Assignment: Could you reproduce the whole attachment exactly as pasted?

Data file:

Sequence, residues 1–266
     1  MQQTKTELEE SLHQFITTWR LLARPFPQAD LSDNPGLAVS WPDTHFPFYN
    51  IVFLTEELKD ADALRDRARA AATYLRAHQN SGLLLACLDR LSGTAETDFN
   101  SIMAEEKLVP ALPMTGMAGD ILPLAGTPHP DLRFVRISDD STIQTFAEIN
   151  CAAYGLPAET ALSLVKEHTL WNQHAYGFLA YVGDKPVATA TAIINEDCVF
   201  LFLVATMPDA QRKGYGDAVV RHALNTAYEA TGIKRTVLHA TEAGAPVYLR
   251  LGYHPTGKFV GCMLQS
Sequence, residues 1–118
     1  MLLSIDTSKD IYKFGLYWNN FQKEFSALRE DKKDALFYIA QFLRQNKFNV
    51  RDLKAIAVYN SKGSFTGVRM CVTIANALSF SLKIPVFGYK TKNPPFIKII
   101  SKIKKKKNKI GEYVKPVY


Sequence, residues 1–266
     1  MQQTKTELEE SLHQFITTWR LLARPFPQAD LSDNPGLAVS WPDTHFPFYN
    51  IVFLTEELKD ADALRDRARA AATYLRAHQN SGLLLACLDR LSGTAETDFN
   101  SIMAEEKLVP ALPMTGMAGD ILPLAGTPHP DLRFVRISDD STIQTFAEIN
   151  CAAYGLPAET ALSLVKEHTL WNQHAYGFLA YVGDKPVATA TAIINEDCVF
   201  LFLVATMPDA QRKGYGDAVV RHALNTAYEA TGIKRTVLHA TEAGAPVYLR
   251  LGYHPTGKFV GCMLQS
Sequence, residues 1–118
     1  MLLSIDTSKD IYKFGLYWNN FQKEFSALRE DKKDALFYIA QFLRQNKFNV
    51  RDLKAIAVYN SKGSFTGVRM CVTIANALSF SLKIPVFGYK TKNPPFIKII
   101  SKIKKKKNKI GEYVKPVY